HURRICANE IRMA HITS HARD
Hurricane Irma is indeed the biggest, baddest, meanest named storm we’ve seen in a long time. Irma’s damage to our system was more significant than we experienced in the infamous 2004 hurricane season.
Hurricane Irma – the aptly named “war goddess” – arrived with an arsenal of hurricane-force winds. She wreaked havoc as she traveled directly through SECO’s service territory as a Category 1 to a Category 3 hurricane, per data from the National Hurricane Center. Power outages began late Sunday evening September 10, and members continued to lose power through Monday morning.
From Irma’s onset until winds subsided Monday mid-day, approximately 139,000 outages were reported by members and captured by our outage management system. Over half of our system was damaged by the hurricane-force winds with lines, transformers and poles on the ground covered by trees and debris.
Executing an emergency action plan before, during and after a named storm is a standard practice for a Florida utility like SECO Energy. Storm hardening and emergency response are key investments for a not-for-profit electric cooperative. To successfully react to a weather crisis, we rely heavily on our tried and true emergency response plan and advanced preparation.
Members always want to know how SECO decides who is first in line for restoration. Florida requires substations and feeders serving hospitals, shelters, schools and government agencies to be restored as the highest priority. The next priority is restoring power to large groups of members, and then to less populated areas with individual electric services.
Due to SECO’s demographic, we serve a large number of nursing homes and assisted living facilities. During Hurricane Irma, these facilities became a priority as well as they began to run out of generator fuel. The same held true for communication towers a few days into the recovery. Water treatment facilities and lift stations were also a strong consideration.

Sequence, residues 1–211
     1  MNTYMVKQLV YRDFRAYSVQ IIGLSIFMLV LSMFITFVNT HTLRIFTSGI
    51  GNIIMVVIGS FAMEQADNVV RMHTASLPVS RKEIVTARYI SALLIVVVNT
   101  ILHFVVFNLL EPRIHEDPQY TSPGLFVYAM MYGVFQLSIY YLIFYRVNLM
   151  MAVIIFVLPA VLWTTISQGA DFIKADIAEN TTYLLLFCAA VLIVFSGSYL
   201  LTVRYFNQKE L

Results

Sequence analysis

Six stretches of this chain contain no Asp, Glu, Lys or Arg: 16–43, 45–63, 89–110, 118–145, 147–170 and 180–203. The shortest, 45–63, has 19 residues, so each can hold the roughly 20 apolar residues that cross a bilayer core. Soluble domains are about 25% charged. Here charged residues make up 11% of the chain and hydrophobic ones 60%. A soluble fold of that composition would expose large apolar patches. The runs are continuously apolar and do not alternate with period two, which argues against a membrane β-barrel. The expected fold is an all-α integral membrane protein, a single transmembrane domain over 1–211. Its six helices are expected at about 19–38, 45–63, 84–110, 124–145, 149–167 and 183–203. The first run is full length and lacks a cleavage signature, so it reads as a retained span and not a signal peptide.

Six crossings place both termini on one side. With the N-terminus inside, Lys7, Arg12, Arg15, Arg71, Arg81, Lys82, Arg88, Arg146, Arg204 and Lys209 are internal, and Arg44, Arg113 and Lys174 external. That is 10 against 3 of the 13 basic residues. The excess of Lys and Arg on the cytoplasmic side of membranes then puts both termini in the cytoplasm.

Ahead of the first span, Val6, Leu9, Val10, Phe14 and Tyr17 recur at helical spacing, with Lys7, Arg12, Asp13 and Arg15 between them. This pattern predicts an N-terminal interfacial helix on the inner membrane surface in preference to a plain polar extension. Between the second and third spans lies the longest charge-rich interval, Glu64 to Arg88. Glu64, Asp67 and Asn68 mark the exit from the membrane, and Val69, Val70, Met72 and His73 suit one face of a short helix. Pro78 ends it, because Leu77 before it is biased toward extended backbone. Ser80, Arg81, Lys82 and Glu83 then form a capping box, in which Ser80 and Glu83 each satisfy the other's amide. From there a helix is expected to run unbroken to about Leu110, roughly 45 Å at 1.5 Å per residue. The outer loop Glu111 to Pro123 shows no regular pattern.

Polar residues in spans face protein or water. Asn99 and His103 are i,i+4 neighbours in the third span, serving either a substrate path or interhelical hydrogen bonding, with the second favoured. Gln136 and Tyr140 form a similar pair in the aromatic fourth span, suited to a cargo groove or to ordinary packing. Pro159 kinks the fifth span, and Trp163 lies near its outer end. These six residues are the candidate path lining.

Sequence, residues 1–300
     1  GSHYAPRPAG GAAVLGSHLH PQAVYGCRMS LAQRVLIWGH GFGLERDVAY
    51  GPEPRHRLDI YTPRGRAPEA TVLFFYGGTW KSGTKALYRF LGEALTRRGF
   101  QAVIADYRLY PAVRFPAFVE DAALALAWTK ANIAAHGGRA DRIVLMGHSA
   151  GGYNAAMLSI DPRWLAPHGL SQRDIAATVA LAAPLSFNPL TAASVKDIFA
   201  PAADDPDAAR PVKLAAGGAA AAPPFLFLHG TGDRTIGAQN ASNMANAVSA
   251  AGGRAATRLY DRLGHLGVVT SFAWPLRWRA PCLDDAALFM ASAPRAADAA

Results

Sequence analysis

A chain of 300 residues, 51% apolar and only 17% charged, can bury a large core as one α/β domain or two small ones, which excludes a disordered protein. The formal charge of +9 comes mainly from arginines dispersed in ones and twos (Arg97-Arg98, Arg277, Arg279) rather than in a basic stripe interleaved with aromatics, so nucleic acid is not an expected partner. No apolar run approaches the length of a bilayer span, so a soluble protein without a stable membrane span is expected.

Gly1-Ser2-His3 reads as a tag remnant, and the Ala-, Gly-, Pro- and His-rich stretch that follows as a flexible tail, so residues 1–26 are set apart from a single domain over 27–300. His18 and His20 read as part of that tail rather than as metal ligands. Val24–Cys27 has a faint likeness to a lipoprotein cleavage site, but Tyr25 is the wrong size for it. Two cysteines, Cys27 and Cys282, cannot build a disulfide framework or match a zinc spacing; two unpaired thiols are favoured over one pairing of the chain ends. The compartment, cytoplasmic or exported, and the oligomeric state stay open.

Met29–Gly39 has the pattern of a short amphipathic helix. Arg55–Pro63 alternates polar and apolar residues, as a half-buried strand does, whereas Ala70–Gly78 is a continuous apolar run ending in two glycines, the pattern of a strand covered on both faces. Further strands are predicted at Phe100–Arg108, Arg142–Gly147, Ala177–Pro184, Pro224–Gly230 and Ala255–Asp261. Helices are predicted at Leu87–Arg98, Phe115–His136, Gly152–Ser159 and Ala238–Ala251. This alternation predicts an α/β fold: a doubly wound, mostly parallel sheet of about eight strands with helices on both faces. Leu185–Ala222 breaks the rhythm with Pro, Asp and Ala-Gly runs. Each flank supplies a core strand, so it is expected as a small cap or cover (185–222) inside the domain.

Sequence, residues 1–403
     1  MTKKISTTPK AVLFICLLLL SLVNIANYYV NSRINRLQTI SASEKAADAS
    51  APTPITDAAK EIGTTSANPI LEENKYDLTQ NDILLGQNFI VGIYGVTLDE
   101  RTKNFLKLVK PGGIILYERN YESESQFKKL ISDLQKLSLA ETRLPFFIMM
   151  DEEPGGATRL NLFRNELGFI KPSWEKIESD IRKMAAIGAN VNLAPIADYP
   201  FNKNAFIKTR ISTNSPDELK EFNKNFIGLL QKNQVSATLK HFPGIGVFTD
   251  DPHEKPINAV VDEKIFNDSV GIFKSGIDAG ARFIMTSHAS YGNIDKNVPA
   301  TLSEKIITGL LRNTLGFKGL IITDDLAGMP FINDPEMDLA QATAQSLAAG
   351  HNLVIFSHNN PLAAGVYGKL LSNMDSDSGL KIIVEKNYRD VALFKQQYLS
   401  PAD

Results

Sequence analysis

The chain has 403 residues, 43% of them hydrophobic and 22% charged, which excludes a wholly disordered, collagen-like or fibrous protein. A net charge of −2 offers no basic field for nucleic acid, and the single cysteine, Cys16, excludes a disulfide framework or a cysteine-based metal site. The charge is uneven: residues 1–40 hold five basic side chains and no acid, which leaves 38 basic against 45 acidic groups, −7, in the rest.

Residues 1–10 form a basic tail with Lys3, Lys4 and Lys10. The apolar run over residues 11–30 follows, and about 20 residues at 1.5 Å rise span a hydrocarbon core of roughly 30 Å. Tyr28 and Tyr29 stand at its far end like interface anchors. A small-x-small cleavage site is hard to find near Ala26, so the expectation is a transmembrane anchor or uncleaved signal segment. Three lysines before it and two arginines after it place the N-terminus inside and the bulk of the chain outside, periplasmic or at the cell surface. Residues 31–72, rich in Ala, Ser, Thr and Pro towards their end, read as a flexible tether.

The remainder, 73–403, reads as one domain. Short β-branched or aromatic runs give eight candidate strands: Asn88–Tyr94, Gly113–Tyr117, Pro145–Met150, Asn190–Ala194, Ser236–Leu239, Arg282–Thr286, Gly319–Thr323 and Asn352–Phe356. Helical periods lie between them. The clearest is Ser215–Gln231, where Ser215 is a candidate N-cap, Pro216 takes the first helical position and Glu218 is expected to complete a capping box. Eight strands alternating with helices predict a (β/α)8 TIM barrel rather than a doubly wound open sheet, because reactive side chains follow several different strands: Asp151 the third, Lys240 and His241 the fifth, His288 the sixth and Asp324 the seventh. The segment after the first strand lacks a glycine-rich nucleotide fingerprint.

The bottom line is every member wants power turned back on – now. SECO is sensitive to that, and we understand the discomfort and inconvenience members experience. Personally, I slept on a cot in my office for four nights because my home was without power. I’m sharing that not for sympathy but to emphasize that SECO follows the plan and does not give special treatment or favors.
Once an emergency begins, logistics like fuel, food, lodging, manpower and a solid work plan are all critical to a timely restoration. Securing line and tree trimming contractor support from neighboring areas was difficult because Irma had such far-reaching effects. We searched far and wide and brought in contractors from Alabama, Colorado, Georgia, Illinois, Indiana, Louisiana, Michigan, Missouri, North Carolina, Ohio, Pennsylvania, Tennessee, Texas and other parts of Florida.
Fuel, ice, food and hotel rooms for these folks became a logistical challenge as the state seemingly shut down before, during and after Irma. From the beginning of the restoration effort on Monday, fuel availability for our trucks was limited. Traffic on I-75 southbound delayed the out-of-state contractors’ arrivals. Evacuees understandably fled from coastal areas to central Florida, reducing the availability of hotels to lodge our restoration teams from out of state.